2. Encourage teachers to look at each others’ courses. All teachers on Rickypedia have their global (or site) role set as non-editing teacher. This means they can peep in on other teachers’ courses without being able to edit them. I have got great ideas from other teachers and I know other teachers have got ideas from me.

3. Have a staff sandbox. In programming speak a sandbox is a place where you can run code without it being able to damage your system. In a VLE a sandbox can be a course hidden from students where teachers can experiment with features and build up confidence.

4. keep an eye on teachers’ courses so you can give them feedback. Some may comment that this is being nosey or interfering, but if you follow point three above you are just practicing what you are preaching.

5. Offer help regularly. A quick, “Is there anything you need a hand with?” in the staffroom can go a long way. Doing the odd favour here and there never hurts either!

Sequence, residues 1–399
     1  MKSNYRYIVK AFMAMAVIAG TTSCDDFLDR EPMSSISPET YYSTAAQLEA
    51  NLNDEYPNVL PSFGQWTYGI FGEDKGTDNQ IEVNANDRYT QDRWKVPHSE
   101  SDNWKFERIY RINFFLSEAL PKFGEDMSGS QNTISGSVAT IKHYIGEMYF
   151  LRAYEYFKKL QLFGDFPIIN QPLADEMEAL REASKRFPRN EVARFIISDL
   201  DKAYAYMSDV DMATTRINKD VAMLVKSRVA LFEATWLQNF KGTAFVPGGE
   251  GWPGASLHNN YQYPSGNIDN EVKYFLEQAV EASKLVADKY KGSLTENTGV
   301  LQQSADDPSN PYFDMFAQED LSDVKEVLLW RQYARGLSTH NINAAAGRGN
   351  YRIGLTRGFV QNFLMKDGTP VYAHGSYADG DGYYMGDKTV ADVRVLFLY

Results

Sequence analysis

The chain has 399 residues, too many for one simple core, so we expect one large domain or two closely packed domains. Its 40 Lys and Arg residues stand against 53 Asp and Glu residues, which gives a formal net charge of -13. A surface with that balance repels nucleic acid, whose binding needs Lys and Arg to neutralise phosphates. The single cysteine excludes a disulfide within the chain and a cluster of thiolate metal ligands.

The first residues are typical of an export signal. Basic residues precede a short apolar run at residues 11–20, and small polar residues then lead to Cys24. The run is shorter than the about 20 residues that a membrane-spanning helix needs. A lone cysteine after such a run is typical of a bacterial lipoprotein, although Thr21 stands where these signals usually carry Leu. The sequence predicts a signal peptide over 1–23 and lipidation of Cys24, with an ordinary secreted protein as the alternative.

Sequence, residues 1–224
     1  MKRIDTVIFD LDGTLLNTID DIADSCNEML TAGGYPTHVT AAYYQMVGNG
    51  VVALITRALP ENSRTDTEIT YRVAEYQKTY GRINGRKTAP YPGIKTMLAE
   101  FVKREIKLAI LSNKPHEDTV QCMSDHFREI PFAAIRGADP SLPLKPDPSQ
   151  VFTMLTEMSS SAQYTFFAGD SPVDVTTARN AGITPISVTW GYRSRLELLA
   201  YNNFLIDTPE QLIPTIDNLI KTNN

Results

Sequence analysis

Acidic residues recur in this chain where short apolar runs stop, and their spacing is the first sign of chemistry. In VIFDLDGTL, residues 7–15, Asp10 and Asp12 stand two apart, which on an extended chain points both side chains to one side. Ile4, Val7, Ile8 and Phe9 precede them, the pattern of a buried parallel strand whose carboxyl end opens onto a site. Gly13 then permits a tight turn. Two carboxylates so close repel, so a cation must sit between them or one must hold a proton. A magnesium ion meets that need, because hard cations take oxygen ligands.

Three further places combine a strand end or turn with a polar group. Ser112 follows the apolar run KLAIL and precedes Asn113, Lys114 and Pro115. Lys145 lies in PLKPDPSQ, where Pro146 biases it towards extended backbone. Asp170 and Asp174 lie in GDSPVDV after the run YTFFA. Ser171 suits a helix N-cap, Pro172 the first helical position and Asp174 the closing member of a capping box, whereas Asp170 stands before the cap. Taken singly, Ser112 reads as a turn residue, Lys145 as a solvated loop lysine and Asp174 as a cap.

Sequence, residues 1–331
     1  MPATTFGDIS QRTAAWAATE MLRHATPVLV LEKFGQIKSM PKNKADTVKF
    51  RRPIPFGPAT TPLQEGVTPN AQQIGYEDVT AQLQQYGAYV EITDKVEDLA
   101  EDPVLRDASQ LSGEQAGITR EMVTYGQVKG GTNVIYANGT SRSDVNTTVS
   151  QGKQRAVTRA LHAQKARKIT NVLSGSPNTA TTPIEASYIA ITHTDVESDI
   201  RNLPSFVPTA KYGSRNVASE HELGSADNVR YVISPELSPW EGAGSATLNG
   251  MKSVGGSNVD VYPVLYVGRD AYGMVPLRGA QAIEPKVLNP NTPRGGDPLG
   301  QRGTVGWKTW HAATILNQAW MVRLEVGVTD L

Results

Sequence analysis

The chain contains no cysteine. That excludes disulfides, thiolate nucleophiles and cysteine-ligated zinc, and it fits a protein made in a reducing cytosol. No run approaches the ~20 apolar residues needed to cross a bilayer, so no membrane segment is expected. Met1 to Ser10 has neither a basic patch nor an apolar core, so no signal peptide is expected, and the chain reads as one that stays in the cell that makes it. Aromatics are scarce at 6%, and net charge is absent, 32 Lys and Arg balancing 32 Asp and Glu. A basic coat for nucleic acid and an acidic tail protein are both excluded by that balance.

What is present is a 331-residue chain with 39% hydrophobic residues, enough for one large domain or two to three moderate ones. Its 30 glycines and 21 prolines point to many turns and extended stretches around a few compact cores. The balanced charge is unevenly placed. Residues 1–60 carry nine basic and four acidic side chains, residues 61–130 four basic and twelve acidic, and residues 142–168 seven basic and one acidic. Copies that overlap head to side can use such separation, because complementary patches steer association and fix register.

Our Rickypedia VLE is still very much a pilot website with only a selection of students and teachers on the system. I’ve added new students and classes as I’ve been ready to experiment with them or as I have had requests from other teachers.

One of our student teachers (or beginning teachers as they are now known) approached me about a month ago to ask if Rickypedia would be able to help her year 7 English class with their non-fiction projects. She was looking for somewhere where students could upload their writing, she could mark up changes and the students could then refine their work and resubmit it for further review. I realised that Moodle wasn’t necessarily the ideal solution (something like Google docs or a wiki may have been better) but it did provide a solution so I explained the system and what it could or couldn’t do. Next step get the class up and running.

The year 7 group in question is also a class I teach for ICT and this seemed an ideal opportunity to get them using Rickypedia for two subjects simultaneously. It also meant that I could use an ICT lesson to get the students started on moodle to make it easier for their English lesson. All students were enrolled in an ICT course and an English course and were given access to the “Student Room” a general discussion course open to all students on Rickypedia. I gave the English teacher a brief lesson on course editing and we were off and ready to go.